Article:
DHS Proposal Targets Legal Residency for Immigrants Who Receive EITC

By Devin Simpson

The Trump administration is considering a Department of Homeland Security (DHS) proposal that would penalize immigrants seeking permanent U.S. residency if they have received a wide range of public benefits, including the Earned Income Tax Credit (EITC).

Under current law, only non-U.S. citizens receiving cash welfare are considered a “public charge,” meaning primarily dependent on the government for subsistence. Such a determination can result in the denial of new immigration visas or legal permanent residency for those with expiring work visas. The new DHS proposal would broaden the current definition of a public charge to include those receiving non-cash assistance such as the EITC, despite the fact that the credit’s recipients are both working and paying taxes.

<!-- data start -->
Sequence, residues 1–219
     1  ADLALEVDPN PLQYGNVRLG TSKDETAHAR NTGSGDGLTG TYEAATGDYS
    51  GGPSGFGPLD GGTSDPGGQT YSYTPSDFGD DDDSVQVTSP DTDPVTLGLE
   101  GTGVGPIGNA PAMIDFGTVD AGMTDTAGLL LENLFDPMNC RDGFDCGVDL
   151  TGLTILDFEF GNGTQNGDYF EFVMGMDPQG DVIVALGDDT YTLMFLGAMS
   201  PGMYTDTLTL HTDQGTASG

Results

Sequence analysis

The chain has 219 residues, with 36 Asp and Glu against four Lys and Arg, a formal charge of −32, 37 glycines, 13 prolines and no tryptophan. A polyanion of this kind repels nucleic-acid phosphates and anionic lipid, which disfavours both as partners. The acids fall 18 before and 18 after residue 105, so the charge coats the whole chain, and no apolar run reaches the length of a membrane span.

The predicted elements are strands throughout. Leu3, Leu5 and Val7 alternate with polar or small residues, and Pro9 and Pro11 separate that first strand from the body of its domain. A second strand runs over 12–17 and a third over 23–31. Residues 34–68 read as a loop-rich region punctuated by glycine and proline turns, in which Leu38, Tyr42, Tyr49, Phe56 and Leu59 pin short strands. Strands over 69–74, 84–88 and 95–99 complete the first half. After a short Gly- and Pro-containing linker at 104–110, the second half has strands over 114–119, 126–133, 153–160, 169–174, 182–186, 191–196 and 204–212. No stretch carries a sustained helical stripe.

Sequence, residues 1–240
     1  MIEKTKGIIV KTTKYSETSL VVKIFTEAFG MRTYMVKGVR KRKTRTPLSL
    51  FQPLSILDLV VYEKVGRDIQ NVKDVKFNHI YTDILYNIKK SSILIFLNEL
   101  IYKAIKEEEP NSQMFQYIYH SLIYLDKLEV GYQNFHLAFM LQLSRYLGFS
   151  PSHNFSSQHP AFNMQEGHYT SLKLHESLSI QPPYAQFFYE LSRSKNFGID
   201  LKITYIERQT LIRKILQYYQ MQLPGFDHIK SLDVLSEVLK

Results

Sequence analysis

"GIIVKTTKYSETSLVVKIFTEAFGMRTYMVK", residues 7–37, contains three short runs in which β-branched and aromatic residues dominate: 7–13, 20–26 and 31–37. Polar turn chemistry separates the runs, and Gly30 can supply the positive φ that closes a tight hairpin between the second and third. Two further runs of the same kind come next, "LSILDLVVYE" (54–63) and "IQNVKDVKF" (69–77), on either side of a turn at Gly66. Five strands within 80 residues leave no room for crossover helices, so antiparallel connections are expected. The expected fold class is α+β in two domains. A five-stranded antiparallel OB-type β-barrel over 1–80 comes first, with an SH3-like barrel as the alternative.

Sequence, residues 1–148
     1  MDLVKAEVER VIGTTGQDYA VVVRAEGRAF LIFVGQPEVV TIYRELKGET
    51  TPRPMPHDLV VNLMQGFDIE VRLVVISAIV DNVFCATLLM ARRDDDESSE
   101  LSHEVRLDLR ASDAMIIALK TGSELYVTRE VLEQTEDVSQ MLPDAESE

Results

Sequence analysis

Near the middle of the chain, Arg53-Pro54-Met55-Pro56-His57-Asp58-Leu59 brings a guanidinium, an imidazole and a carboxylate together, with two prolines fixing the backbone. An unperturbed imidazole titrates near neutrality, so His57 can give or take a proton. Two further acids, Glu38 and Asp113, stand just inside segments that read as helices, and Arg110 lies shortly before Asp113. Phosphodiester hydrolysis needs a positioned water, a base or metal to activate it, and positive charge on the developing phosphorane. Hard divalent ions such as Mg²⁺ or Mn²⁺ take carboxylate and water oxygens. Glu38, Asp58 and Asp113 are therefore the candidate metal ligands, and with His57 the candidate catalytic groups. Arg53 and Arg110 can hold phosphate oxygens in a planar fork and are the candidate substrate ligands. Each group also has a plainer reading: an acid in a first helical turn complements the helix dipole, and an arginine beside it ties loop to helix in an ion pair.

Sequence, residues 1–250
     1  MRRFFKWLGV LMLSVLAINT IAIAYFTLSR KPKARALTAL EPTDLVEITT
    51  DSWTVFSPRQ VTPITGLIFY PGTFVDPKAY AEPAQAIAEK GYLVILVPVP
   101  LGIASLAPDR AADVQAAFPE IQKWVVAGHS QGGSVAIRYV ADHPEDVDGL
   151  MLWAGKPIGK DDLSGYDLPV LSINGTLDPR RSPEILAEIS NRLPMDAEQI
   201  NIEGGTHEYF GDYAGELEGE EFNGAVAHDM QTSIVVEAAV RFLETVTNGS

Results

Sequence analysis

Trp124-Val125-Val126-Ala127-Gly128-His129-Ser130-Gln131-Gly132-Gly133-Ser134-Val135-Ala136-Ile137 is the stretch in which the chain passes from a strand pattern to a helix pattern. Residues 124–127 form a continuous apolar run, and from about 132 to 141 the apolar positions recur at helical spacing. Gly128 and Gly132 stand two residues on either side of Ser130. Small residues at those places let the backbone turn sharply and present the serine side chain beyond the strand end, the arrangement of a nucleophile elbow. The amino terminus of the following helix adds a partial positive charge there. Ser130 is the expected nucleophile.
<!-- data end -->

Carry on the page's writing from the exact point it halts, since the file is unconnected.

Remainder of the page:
The Washington Post’s Nick Miroff called the inclusion of the EITC “one of the most radical changes outlined in the proposal,” noting that such changes could force immigrants and their families in crisis to forgo financial assistance for fear of jeopardizing their residency status. According to the U.S. Citizenship and Immigration Services, out of the 41.5 million immigrants living in the country in 2013, 3.7 percent received cash benefits while 22.7 percent received non-cash assistance.

According to The Post, the proposal is awaiting final approval by DHS Secretary Kirstjen Nielsen.